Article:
Mosquito bites are the scourge of everyone’s summer. The rising risk of West Nile virus that comes with the bites just makes them that much worse.
The last few years have seen outbreaks of West Nile in different locations around the country, so researchers at the Centers for Disease Control and Prevention and the U.S. Public Health Service recently did a review of the scientific literature on the mosquito-borne virus.
“I did a similar literature review ten years ago in JAMA,” Lyle Petersen, corresponding author on the study, told TheDoctor. Since that time, he went on to say, researchers have learned a lot more about the virus and how it behaves in the U.S..
The virus is able to establish itself in a wide variety of ecosystems, leaving the whole continental U.S. basically at risk.
According to Petersen, even though about 3 million people have been infected, 98 percent or 99 percent of the population is still susceptible to infection with the virus, so prevention methods are just as important as ever.
About 1 in 5 people who are infected will develop a fever with other symptoms such as headache, body aches, joint pains, vomiting, diarrhea, or rash.
The CDC estimates that most people (70-80%) who become infected with West Nile virus do not develop any symptoms. About 1 in 5 people who are infected will develop a fever with other symptoms such as headache, body aches, joint pains, vomiting, diarrhea, or rash. Most people with this type of West Nile virus disease recover completely, but fatigue and weakness can last for weeks or months.
People with certain medical conditions, such as cancer, diabetes, hypertension, kidney disease, and people who have received organ transplants, are also at greater risk for serious illness. Recovery from severe forms of the disease may take several weeks or months. Some of the neurologic effects may be permanent. About 10 percent of people who develop neurologic infection due to West Nile virus die.
The researchers found that the virus has become widespread, and is now circulating every year across almost the entire continental U.S.. That West Nile has managed to cause outbreaks in places like Phoenix, a city in the middle of the desert and also in cities with completely different climates, like Chicago or New Orleans, is “pretty remarkable,” Petersen said. The virus is able to establish itself in a wide variety of ecosystems, leaving the whole continental U.S. basically at risk.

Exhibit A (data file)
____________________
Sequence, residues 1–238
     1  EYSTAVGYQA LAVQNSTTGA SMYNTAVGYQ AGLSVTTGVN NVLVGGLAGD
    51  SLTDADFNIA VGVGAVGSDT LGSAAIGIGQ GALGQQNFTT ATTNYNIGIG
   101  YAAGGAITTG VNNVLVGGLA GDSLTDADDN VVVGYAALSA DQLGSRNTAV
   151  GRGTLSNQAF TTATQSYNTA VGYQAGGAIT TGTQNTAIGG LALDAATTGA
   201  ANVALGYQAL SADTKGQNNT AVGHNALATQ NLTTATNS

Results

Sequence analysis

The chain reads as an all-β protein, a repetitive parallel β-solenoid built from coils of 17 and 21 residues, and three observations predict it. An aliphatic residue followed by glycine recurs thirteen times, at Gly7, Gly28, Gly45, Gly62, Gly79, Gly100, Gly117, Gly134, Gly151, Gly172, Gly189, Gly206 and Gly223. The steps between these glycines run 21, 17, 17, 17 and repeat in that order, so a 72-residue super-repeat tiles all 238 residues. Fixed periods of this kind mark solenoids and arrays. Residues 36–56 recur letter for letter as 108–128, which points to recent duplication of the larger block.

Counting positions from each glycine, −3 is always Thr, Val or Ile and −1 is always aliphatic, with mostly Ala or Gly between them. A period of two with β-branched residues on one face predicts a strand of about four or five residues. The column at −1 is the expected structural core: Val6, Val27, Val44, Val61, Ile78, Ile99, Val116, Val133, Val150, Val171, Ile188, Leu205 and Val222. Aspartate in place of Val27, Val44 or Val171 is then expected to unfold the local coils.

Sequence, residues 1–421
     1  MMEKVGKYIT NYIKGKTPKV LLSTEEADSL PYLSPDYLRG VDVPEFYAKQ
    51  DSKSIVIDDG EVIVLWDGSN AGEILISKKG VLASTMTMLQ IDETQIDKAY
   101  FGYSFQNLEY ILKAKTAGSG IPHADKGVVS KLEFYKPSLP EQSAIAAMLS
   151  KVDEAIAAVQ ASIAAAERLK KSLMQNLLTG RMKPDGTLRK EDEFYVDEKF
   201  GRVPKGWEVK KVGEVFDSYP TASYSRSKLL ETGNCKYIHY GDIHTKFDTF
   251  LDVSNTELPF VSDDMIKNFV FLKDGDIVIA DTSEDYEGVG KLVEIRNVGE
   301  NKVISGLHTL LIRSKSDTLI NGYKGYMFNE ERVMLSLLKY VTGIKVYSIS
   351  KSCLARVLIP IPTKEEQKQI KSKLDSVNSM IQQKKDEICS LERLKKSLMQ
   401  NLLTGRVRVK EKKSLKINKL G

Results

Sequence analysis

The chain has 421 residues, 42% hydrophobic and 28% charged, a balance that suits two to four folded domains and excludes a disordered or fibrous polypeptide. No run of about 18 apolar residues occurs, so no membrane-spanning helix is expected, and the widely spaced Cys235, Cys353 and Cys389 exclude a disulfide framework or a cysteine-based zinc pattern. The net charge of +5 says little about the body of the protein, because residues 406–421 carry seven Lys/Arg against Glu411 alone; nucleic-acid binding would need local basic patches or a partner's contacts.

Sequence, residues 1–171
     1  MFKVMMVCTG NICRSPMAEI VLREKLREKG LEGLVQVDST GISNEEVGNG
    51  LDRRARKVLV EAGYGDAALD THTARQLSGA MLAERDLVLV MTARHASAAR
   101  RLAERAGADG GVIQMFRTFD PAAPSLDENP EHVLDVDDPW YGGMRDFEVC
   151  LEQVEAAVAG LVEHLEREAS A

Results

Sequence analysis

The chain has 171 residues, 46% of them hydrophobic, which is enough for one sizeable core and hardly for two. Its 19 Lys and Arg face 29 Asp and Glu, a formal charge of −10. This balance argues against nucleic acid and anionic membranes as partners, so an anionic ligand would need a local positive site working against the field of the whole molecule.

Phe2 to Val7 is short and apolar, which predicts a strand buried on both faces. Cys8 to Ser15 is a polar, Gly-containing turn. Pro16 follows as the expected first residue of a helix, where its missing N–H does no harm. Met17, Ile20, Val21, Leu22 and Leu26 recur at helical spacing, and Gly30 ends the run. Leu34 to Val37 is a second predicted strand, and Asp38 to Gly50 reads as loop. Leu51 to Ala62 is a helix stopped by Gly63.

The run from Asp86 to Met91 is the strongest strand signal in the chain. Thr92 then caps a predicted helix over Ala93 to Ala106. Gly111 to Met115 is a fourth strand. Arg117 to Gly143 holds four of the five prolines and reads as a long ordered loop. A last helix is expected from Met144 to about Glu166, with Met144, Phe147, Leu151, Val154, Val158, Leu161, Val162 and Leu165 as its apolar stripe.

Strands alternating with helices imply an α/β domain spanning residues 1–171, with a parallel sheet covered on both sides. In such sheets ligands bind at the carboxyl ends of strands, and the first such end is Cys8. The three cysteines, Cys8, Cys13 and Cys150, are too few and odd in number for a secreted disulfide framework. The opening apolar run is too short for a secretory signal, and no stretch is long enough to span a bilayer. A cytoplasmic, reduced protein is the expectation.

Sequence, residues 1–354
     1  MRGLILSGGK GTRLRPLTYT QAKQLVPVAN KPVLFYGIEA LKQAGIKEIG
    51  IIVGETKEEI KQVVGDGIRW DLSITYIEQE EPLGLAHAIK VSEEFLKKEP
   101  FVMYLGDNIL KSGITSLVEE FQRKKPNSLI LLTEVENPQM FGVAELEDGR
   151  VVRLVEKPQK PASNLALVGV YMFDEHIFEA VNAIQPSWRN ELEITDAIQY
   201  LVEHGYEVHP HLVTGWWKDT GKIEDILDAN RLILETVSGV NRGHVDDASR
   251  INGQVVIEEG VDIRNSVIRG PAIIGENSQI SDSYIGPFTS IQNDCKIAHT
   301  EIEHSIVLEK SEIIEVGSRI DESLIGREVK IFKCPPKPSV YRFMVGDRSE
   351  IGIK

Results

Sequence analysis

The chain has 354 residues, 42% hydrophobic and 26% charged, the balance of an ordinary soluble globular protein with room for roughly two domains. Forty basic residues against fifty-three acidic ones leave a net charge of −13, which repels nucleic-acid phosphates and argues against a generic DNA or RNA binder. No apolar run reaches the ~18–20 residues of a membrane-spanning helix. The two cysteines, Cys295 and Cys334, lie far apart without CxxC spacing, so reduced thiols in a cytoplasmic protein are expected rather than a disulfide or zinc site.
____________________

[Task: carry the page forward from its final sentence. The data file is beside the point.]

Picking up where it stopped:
We expect that the number of cases, based on historical precedence, will begin to increase over the next several weeks.
The timing of outbreaks is amazingly consistent from year to year. They begin to increase at the end of July, peak somewhere around the beginning to middle of August, and then taper off into September. And they occur a little earlier in the southern U.S. than the northern region of the country. “This means that we expect that the number of cases, based on historical precedence, will begin to increase over the next several weeks, which means that people need to take precautions right now.” according to Petersen .
Some of the emergency control efforts that cities have taken, such as widespread pesticide spraying, are effective in stopping outbreaks when they do occur, says Petersen. Several studies have looked at the health effects of pesticide spraying, and found that there have been no short-term health effects from spraying to control West Nile outbreaks.
Mosquitoes that spread West Nile virus are most active around dawn and dusk, although they can be out all night. If you go outside where mosquitoes are present, wear insect repellent. That is the single most important thing someone can do.
“We recommend products that contain N,N-diethyl-meta-toluamide, commonly called DEET,” says Petersen. “A lot of misinformation exists about DEET. People think it is dangerous. The reality of DEET, though, is that is actually one of the safest chemicals that people apply to themselves.”
DEET-containing products are also much more user-friendly than they used to be, says Petersen. People think of them as oily and bad-smelling. But newer products are much more pleasant to use.
If you go outside where mosquitoes are present, wear insect repellent. That is the single most important thing someone can do.
Petersen says that the higher the concentration of DEET, the longer it lasts, until the concentration gets up to about 40 percent. “I wouldn’t advise products that are 100 percent DEET, because they really do not work any better. You should look for products that contain 10 percent DEET if you are only going to be out for a short time, and 30 to 40 percent DEET if you will be out for longer periods.”
“We also recommend products that contain picaridin, oil of lemon eucalyptus, or IR3535,” says Petersen. These products are registered with the EPA and are known to be effective. It is easiest to remember DEET, though, and physicians and public health officials have the most experience with DEET.
The review is published online in JAMA,The Journal of the American Medical Association.